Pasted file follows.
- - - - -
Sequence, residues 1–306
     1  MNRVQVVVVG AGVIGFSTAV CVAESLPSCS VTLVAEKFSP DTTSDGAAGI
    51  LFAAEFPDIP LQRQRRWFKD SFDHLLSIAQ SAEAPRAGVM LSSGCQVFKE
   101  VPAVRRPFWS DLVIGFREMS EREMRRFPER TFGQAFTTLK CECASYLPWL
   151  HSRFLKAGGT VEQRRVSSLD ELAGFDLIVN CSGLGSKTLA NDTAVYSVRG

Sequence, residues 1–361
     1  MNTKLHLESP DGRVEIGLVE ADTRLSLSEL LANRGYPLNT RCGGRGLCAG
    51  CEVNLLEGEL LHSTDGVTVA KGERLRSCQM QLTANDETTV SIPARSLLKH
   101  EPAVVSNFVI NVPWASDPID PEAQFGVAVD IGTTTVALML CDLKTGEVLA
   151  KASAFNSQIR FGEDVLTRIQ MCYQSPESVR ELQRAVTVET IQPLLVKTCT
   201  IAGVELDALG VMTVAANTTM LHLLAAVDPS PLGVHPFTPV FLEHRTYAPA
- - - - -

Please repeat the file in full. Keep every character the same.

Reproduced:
Sequence, residues 1–306
     1  MNRVQVVVVG AGVIGFSTAV CVAESLPSCS VTLVAEKFSP DTTSDGAAGI
    51  LFAAEFPDIP LQRQRRWFKD SFDHLLSIAQ SAEAPRAGVM LSSGCQVFKE
   101  VPAVRRPFWS DLVIGFREMS EREMRRFPER TFGQAFTTLK CECASYLPWL
   151  HSRFLKAGGT VEQRRVSSLD ELAGFDLIVN CSGLGSKTLA NDTAVYSVRG

Sequence, residues 1–361
     1  MNTKLHLESP DGRVEIGLVE ADTRLSLSEL LANRGYPLNT RCGGRGLCAG
    51  CEVNLLEGEL LHSTDGVTVA KGERLRSCQM QLTANDETTV SIPARSLLKH
   101  EPAVVSNFVI NVPWASDPID PEAQFGVAVD IGTTTVALML CDLKTGEVLA
   151  KASAFNSQIR FGEDVLTRIQ MCYQSPESVR ELQRAVTVET IQPLLVKTCT
   201  IAGVELDALG VMTVAANTTM LHLLAAVDPS PLGVHPFTPV FLEHRTYAPA